High-speed train kills woman and 8 year-old boy in Connecticut

High-speed Acela Express slammed into a car at a railroad crossing killing A woman and her 8-year-old grandson and trains between Boston and Washington were delayed for hours on Wednesday morning.

The woman's 4-year-old granddaughter was airlifted to Hartford, where she was listed in critical condition at Connecticut Children's Medical Center Wednesday evening.

The accident happened just after 7:40 a.m. on the southbound tracks 2 miles west of New London, Amtrak spokeswoman Tracy Connell said.

The Acela Express runs between Boston and Washington, D.C. None of the 116 passengers and four crew members on the train were injured, police said. They remained on the train for about three hours before being taken to New London, where they were able to board other trains.

Connell did not know how many passengers the line serves each day or how many in the region were affected by Wednesday's delays.

Train service, which was halted for about six hours, resumed by 2 p.m.

"I'm sure we've created quite the havoc on the Northeast Corridor today," said Waterford Police Lt. Jeffrey Nixon, reports Newsday.

According to The New York Times, Mr. Eccard, the first selectman of Waterford said Patricia Metzermacher, 61, and her 8-year-old grandson, Zachary Metzermacher, were killed in the collision, just down the street from their home.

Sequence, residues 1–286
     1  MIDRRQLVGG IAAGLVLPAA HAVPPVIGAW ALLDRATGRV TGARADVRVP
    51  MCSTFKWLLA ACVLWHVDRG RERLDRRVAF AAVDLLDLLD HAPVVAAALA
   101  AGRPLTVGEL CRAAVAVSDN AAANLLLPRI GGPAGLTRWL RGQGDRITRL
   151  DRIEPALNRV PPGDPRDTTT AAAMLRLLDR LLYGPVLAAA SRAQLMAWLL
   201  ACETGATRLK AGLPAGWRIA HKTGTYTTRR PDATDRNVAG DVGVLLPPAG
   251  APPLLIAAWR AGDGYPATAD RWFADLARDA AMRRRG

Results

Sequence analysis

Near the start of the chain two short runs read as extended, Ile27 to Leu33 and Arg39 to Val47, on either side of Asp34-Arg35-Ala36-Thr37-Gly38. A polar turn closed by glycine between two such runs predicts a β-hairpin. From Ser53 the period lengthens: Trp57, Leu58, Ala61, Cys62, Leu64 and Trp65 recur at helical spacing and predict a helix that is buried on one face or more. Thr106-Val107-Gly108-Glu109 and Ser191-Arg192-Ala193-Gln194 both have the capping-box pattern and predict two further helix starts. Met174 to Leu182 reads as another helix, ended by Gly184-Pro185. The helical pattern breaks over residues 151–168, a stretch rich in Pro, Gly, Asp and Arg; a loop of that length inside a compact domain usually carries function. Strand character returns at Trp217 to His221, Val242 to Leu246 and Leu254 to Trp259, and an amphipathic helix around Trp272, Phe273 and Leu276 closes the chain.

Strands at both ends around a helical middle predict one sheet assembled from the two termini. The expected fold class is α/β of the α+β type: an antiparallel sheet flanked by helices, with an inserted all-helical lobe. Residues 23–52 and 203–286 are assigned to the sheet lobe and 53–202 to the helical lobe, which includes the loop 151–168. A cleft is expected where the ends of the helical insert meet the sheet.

A rescue crew extracted her granddaughter, Courtney Metzermacher, from the wreckage and the girl was flown by helicopter to Hartford Hospital in Hartford, Mr. Eccard said. She was later transferred to the adjacent Connecticut Children's Medical Center, where she was in critical condition, according to a medical center spokesman, Christopher Boyle.

Mr. Eccard said the town's director of planning, Thomas Wagner, was an eyewitness to the accident. He said Mr. Wagner told police that the gates at the crossing worked properly and were lowered to block traffic before the train passed through the crossing,. Mr. Wagner was unavailable to comment because he was meeting with a trauma counselor, Mr. Eccard said.

Local police and Amtrak police are investigating to determine why the car was on the tracks, Mr. Eccard said. He said he could not recall another accident at that crossing in the last 28 years.

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